The website states: “Earthquakes are a rare but a very real threat for Cape Town... increased public awareness of this hazard is needed.”
John Rogers of UCT’s geology department said the sediments surrounding Koeberg were the same as those at Christchurch. When shaken, sand grains in both sediments moved, releasing water from between them, which rose to the surface, as seen at Christchurch. This liquidification was seen at Blouberg in 1809, Rogers said.
He said because of the Milnerton fault Eskom dug out these sediments to get to hard bedrock before building Koeberg. They had then laid a 6m foundation of cement, placed pillars on this with neoprone rubbers on top to absorb vertical movement. Above that they put a metal plate designed to allow sideways movement. Koeberg was built on top.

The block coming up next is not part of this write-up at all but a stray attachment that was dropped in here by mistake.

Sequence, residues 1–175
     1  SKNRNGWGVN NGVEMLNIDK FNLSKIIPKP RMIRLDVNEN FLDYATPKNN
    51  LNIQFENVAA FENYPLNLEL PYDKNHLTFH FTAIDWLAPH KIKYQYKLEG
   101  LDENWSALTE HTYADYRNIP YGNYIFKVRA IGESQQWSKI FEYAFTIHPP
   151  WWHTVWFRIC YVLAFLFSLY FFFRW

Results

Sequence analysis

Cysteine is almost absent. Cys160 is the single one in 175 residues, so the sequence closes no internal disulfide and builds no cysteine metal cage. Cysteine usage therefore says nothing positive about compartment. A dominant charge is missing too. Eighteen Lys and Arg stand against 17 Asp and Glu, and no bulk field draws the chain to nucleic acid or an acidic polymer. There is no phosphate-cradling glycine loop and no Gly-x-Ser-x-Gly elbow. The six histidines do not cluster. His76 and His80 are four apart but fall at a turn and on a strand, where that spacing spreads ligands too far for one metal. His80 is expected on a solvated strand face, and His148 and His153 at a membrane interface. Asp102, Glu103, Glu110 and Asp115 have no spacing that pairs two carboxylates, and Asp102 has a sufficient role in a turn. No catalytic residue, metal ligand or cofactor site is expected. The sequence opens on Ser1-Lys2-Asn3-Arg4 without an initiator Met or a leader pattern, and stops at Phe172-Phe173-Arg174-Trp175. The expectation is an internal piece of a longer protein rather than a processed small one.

Eskom spokesman on nuclear matters, Tony Stott, said the design would mean Koeberg could withstand an earthquake of 7. “It is designed as if the epicentre of the earthquake were right under Koeberg, although the Milnerton fault line is 8 to 9km away,” Stott said.
But geologist Nik Wullschleger believes Eskom should not be taking this risk. “(Japan) shows in the final event anything can happen, despite risk assessments.” - Cape Times
Nuclear power may be safe most of the time, but when things go wrong it tends to be catastrophic. Nuclear 'safety' is also often fudged and lied about. For an interesting read from the Independent UK -http:www.independent.co.uknewsworldasiaa-cloud-of-nuclear-mistrust-spreads-around-the-world-2242988.html Nuclear can never be described as a good option.